A man walks on a garbage-strewn beach in Mumbai, India, on Wednesday. The country announced a campaign called “Clean India Mission” to eliminate single-use plastics by 2022. The government declined to ban the plastics, however. (Hemanshi Kamani/Reuters)

India announced on Wednesday a plan to eliminate single-use plastics within three years.

Environment Ministry official Chintan Mishra said the “Clean India Mission” is an effort to “sensitize” the public against single-use plastics.

Most Indian states have some regulations on single-use plastics. The central government is asking all states to try to end their use by 2022.

“The rules for plastic and solid-waste management are already there. It is the implementation that must be improved, and public awareness,” said Vinod Kumar Jindal, a government official overseeing the project.

Mishra said the government would not impose a blanket nationwide ban. Thousands of small and medium-size factories that manufacture single-use plastics could shut down if there were a total ban.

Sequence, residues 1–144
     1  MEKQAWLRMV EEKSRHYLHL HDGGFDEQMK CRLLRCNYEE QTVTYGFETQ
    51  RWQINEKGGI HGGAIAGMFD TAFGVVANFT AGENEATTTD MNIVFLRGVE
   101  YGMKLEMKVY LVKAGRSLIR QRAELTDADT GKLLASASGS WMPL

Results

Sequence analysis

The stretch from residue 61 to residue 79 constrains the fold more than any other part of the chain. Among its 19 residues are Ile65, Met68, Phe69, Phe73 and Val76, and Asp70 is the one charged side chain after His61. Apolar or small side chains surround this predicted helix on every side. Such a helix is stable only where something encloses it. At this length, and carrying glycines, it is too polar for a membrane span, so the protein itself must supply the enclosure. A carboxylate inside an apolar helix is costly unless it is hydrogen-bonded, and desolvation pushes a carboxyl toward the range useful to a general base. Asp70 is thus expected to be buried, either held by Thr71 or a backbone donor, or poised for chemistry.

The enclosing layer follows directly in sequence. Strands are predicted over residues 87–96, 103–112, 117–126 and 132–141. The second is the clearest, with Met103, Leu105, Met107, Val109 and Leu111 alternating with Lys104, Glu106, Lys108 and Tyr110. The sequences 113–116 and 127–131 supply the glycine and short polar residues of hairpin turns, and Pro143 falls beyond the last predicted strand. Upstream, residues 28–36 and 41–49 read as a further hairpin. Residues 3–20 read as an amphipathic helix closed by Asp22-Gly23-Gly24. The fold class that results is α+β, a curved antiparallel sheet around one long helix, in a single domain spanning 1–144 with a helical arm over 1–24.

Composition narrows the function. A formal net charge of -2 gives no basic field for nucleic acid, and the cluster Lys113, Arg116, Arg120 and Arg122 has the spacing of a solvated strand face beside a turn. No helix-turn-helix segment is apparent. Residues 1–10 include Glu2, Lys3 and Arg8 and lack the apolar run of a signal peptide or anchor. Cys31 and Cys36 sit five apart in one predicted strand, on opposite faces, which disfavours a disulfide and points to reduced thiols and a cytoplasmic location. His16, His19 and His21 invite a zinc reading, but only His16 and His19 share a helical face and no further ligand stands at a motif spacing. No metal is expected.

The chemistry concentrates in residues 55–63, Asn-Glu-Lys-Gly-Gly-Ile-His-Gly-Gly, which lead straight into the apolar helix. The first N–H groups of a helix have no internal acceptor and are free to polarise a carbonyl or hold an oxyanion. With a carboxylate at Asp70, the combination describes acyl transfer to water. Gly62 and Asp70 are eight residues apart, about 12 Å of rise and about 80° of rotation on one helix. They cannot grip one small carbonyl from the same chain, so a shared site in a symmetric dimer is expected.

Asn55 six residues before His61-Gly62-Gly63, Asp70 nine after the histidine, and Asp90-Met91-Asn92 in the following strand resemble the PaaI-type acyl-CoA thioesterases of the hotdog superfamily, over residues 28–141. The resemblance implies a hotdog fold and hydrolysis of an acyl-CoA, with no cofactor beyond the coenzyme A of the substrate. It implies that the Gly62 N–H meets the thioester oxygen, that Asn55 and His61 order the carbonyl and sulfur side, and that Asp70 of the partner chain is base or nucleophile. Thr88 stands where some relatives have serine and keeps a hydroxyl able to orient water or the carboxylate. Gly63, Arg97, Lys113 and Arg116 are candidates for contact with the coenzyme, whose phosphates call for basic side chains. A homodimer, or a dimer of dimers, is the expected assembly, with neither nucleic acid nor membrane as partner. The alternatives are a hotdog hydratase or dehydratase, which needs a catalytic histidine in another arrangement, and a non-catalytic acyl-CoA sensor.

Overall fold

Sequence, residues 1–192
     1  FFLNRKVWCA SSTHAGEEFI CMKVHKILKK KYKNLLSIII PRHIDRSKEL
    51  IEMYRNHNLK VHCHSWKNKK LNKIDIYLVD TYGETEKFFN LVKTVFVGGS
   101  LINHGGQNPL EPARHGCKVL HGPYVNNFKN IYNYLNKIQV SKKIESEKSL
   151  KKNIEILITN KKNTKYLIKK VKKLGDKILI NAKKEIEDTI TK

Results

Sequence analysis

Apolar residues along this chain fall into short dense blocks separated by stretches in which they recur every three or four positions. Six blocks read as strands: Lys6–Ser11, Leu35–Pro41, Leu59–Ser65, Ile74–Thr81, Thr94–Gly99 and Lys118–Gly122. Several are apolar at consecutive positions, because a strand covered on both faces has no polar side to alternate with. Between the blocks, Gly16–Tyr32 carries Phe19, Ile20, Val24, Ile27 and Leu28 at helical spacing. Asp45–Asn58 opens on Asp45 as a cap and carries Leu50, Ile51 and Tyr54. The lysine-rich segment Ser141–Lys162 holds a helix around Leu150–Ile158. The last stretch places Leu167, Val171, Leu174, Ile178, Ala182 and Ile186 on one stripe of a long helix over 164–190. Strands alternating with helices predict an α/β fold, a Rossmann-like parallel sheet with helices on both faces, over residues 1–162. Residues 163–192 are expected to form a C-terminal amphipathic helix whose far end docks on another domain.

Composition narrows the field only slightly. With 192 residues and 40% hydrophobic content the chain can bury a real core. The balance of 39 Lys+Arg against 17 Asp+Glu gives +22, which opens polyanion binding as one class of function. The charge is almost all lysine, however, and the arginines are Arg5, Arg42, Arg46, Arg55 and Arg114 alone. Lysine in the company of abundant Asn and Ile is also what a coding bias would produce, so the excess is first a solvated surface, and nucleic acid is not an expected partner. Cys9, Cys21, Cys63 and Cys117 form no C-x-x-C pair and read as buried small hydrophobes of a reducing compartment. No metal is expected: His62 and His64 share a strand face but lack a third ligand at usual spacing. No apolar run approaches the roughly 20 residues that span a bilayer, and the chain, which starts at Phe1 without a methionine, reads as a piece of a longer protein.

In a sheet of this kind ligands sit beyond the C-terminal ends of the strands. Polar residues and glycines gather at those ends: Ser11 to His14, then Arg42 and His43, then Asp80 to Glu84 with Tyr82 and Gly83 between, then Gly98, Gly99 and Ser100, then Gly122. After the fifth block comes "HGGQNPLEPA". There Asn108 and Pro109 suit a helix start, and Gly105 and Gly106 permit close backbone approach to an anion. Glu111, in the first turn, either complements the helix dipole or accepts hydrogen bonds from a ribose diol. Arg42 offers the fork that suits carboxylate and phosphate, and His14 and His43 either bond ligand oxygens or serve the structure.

Chitra Mukherjee, an environmentalist, said it is disappointing that the government didn’t decide on a national ban.

“Certain products such as plastic stirrers, cups, straws and sachets would be very easy to ban outright, because they don’t require alternatives and have no recyclable value,” said Mukherjee, policy director of the environmental research group Chintan.

India generates about 33 million pounds of plastic waste each day, and 60 percent of it is recycled. That’s roughly 24 pounds of waste per person per year, compared with 62 pounds globally, according to the Federation of Indian Chambers of Commerce and Industry.

— Associated Press